The oil factor

Print edition : June 18, 2004

Recent increases in world oil prices indicate both the fragility of current international capitalism and the political realities on which it depends.

THE gyrations in the Indian stock market over the past few weeks may well have been driven dominantly by domestic factors, especially political changes and the ensuing attempts by investors to influence or predict the policies of the new government. But in most other countries across the world, financial markets have been in a tizzy over a very different issue: the recent rise in oil prices.

A burning pipeline that was damaged in an alleged act of sabotage on May 18 in Fahama, north of Baghdad.-MARWAN NAAMANI/AFP

By the last week of May, the world trade price of oil had increased to nearly $42 a barrel. This was the highest it had reached for some time, and it was increasing despite the onset of summer (which typically implies reduced oil prices). While in real terms this is still well below the peak reached in the mid-1970s, which triggered the famous worldwide stagflation, it is still high enough to cause concern among both policymakers and investors.

Usually, a rise in prices tends to be blamed on the Organisation of Petroleum Exporting Countries (OPEC), the oil producers' cartel, and their ability to affect prices by limiting supply. But the present situation allows for no such explanation. Almost all the major oil-producing countries are pushing at the limits of their production capacity.

In fact, the government of Saudi Arabia, the world's largest oil producer (and the only oil producing country with significant excess capacity at the moment) has actually been trying for several weeks to ease prices downward. It has announced that it will pump more oil itself and has also called upon other OPEC members to raise the group's production quotas by about two million barrels a day, to ease any fears of supply constraints.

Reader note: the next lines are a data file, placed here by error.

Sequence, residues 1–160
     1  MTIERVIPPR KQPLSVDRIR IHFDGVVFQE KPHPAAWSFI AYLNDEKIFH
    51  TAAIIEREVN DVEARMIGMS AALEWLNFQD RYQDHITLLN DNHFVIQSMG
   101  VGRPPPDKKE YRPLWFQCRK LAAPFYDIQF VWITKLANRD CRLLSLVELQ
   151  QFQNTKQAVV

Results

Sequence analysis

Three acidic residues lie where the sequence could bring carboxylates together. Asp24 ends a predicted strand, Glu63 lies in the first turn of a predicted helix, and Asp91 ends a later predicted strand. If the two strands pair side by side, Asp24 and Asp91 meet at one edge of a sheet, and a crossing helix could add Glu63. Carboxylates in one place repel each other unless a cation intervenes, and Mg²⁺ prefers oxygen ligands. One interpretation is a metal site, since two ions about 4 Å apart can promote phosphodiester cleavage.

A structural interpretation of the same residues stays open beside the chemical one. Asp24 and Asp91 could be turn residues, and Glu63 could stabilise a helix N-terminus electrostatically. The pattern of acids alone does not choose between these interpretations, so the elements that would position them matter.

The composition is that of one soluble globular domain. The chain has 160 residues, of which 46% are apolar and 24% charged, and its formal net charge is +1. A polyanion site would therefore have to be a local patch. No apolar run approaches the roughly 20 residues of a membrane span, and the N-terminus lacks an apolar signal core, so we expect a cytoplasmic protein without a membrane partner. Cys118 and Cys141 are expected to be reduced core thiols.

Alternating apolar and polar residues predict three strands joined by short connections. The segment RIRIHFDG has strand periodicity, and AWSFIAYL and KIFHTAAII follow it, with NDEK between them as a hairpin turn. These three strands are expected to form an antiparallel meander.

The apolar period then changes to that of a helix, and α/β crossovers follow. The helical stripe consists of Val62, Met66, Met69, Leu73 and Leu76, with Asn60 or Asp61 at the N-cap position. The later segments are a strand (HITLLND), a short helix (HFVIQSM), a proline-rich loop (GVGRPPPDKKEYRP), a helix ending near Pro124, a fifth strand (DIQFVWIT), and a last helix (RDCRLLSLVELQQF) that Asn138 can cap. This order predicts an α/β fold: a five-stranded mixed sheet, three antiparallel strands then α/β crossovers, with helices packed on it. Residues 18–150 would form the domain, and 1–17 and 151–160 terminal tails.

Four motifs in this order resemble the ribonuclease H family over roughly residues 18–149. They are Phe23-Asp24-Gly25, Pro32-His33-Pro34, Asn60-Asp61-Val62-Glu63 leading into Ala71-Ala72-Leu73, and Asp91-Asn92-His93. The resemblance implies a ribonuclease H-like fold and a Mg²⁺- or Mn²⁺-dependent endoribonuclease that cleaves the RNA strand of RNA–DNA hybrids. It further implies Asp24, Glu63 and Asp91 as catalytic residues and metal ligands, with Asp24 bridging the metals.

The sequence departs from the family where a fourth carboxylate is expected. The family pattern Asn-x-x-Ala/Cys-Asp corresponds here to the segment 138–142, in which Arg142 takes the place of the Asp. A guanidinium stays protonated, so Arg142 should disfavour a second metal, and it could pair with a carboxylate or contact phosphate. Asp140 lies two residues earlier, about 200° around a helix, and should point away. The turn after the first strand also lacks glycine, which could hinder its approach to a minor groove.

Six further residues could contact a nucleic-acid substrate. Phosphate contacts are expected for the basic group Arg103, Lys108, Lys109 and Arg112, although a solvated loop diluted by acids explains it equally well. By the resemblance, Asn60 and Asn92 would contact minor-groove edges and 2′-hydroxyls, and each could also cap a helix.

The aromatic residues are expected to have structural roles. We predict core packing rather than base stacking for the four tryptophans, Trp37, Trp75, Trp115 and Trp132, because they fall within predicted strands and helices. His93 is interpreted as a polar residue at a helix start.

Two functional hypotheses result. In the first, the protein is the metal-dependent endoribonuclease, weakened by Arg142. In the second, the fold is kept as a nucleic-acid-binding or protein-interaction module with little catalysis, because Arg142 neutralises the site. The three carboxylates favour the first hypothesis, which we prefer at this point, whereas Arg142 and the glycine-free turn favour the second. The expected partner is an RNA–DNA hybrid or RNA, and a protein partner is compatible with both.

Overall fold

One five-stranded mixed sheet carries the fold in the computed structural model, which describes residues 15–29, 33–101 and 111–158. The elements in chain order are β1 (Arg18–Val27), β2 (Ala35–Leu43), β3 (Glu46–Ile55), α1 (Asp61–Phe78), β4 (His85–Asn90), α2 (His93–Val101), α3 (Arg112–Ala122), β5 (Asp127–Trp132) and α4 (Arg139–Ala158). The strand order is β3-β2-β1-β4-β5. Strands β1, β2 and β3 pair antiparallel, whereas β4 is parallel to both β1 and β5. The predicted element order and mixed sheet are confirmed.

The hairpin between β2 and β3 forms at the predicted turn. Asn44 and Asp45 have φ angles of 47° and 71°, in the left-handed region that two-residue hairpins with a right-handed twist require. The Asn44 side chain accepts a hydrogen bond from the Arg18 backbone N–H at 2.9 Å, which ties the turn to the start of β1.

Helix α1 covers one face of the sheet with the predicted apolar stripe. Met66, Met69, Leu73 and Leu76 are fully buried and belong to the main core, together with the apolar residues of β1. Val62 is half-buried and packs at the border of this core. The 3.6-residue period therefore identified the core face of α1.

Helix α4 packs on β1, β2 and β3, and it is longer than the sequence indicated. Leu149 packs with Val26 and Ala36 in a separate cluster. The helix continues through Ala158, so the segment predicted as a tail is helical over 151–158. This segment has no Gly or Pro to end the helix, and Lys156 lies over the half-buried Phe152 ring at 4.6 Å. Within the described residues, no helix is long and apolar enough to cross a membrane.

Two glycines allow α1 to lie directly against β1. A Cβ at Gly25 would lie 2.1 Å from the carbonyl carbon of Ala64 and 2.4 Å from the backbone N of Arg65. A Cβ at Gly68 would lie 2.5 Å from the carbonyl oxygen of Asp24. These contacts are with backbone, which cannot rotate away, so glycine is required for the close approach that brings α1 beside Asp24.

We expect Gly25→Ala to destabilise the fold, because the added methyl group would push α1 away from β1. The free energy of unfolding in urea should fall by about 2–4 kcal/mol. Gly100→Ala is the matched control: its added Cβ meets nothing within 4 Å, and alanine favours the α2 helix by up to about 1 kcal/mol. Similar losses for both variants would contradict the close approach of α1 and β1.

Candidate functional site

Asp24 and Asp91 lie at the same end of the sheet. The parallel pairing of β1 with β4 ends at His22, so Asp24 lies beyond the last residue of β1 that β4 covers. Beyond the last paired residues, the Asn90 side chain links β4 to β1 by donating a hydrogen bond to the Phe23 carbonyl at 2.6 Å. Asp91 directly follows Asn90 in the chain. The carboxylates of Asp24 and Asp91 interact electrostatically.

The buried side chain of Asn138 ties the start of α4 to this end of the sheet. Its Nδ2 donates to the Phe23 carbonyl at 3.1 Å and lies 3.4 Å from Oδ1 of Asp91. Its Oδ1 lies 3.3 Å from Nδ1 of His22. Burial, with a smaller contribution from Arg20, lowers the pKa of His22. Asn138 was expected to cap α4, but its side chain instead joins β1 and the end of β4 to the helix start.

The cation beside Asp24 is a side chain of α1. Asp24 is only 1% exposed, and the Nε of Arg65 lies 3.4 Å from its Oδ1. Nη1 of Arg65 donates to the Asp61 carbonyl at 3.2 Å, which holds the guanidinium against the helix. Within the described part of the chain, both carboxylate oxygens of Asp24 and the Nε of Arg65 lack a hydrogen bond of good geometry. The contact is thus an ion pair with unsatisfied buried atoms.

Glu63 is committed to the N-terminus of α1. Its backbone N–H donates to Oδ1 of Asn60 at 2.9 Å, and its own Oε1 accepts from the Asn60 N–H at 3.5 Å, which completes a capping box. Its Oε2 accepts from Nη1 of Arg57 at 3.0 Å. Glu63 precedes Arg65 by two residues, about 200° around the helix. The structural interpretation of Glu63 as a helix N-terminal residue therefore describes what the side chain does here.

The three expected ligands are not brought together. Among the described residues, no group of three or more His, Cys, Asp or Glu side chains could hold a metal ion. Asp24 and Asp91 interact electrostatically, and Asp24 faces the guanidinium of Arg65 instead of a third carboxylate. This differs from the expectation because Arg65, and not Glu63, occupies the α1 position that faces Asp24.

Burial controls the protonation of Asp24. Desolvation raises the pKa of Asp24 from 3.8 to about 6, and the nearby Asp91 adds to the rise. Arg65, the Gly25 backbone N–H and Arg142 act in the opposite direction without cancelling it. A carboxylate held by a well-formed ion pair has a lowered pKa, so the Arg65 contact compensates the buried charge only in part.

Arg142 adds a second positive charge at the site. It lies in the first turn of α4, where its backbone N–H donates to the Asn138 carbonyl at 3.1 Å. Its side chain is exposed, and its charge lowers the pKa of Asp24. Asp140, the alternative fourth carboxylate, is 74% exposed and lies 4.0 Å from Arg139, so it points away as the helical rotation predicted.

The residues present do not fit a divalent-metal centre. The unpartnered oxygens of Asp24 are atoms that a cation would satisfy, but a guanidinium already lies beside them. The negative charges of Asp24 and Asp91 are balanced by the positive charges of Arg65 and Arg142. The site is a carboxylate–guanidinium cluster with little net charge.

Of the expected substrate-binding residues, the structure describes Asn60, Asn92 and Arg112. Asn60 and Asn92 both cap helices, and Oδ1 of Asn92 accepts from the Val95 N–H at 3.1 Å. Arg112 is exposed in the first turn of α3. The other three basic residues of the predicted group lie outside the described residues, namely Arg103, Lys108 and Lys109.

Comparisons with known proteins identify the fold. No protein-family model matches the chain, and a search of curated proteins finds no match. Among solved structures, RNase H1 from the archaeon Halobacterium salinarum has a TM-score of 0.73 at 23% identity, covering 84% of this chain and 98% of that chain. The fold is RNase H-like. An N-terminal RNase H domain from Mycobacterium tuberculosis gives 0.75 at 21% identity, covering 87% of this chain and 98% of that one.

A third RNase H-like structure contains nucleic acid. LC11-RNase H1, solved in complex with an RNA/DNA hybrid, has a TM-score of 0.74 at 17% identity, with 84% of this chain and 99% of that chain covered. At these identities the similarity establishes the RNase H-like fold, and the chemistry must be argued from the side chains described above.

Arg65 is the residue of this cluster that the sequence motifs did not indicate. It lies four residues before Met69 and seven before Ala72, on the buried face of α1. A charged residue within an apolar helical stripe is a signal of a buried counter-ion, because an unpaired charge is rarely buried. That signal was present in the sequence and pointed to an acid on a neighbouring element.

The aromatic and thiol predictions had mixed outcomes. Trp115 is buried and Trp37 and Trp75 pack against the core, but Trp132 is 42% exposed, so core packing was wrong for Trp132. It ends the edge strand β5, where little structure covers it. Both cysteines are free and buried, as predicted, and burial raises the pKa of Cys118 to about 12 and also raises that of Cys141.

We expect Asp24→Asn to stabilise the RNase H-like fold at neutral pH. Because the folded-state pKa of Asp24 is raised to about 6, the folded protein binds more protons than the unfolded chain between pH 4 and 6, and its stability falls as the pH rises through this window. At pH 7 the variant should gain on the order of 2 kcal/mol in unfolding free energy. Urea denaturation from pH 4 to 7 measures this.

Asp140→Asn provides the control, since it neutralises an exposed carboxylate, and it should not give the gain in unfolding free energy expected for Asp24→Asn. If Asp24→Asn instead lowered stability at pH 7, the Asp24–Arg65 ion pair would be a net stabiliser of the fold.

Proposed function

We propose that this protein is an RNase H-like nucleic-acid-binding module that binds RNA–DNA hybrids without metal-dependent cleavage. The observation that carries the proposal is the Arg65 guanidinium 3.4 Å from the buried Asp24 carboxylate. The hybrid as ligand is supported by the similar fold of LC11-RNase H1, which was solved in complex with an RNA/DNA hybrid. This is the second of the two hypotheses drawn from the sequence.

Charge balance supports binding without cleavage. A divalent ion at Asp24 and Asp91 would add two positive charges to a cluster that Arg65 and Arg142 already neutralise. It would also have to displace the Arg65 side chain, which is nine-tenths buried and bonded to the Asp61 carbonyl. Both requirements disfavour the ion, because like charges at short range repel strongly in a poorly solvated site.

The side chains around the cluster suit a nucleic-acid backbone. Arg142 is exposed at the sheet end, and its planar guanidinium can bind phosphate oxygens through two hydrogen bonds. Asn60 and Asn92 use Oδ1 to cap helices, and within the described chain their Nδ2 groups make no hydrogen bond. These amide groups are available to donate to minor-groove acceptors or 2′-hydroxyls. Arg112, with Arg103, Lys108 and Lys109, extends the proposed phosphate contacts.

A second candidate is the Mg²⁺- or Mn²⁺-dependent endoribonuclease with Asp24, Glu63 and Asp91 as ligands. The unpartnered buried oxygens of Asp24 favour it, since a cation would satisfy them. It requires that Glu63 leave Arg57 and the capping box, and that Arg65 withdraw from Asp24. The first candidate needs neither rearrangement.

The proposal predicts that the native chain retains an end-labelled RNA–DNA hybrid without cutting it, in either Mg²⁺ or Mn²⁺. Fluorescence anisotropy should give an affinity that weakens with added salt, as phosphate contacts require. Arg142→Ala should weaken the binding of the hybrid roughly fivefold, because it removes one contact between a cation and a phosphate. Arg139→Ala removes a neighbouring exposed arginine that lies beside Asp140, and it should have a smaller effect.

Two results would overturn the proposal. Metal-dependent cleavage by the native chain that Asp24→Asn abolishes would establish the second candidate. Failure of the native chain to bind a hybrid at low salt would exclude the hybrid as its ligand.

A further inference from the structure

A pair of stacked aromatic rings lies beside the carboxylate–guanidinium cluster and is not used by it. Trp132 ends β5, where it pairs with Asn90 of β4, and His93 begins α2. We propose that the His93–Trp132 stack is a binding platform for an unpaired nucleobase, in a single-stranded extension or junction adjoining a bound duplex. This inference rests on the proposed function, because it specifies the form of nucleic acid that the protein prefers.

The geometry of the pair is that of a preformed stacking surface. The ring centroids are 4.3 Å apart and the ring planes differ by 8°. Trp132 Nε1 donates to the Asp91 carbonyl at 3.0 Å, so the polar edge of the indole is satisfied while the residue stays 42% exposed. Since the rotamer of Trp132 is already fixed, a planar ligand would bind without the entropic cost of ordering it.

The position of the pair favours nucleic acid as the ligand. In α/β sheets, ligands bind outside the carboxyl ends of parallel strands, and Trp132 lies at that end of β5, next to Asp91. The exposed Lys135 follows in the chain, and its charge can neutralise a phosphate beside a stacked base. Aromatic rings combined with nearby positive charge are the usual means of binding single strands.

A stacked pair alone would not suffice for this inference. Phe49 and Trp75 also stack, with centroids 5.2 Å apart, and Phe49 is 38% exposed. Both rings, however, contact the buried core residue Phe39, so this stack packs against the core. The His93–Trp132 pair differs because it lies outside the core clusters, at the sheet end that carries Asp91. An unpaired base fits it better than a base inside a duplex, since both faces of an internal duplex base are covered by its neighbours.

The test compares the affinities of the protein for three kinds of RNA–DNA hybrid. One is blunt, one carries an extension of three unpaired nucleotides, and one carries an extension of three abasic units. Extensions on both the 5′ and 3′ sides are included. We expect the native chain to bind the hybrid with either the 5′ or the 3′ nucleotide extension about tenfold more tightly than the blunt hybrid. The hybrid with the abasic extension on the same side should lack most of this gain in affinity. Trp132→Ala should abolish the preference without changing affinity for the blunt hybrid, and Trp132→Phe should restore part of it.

This has had some impact on the markets, but not very much. Instead, most observers predict that oil prices will remain high for the next few months at least, and possibly even longer. One reason may be that the crude oil that Saudi Arabia can pump out quickly is high in sulphur content. However, it is the low-sulphur "light sweet" crude that is in demand, is preferred by refiners in the major consuming nations (including the United States and China) and is the type usually specified in world trade quotations.

If oil prices do continue to rule high, this in turn will generate inflationary pressures, which have already been evident in the U.S. Given the obsession of financial markets with inflation control, it is not surprising that they view this with trepidation. Even in India, the question of how to deal with rising world oil prices, and the extent to which they should be passed on to Indian consumers, has already become an issue for the new government.

But oil prices are especially significant in U.S. politics. The U.S. is the world's biggest consumer and importer of oil, using roughly one-quarter of the world's petroleum. Already by March the U.S. trade deficit rose sharply to a record $46 billion, and about half of the increase was accounted for by increased payments for oil imports. The U.S. oil import bill figures for April and May are likely to be much worse.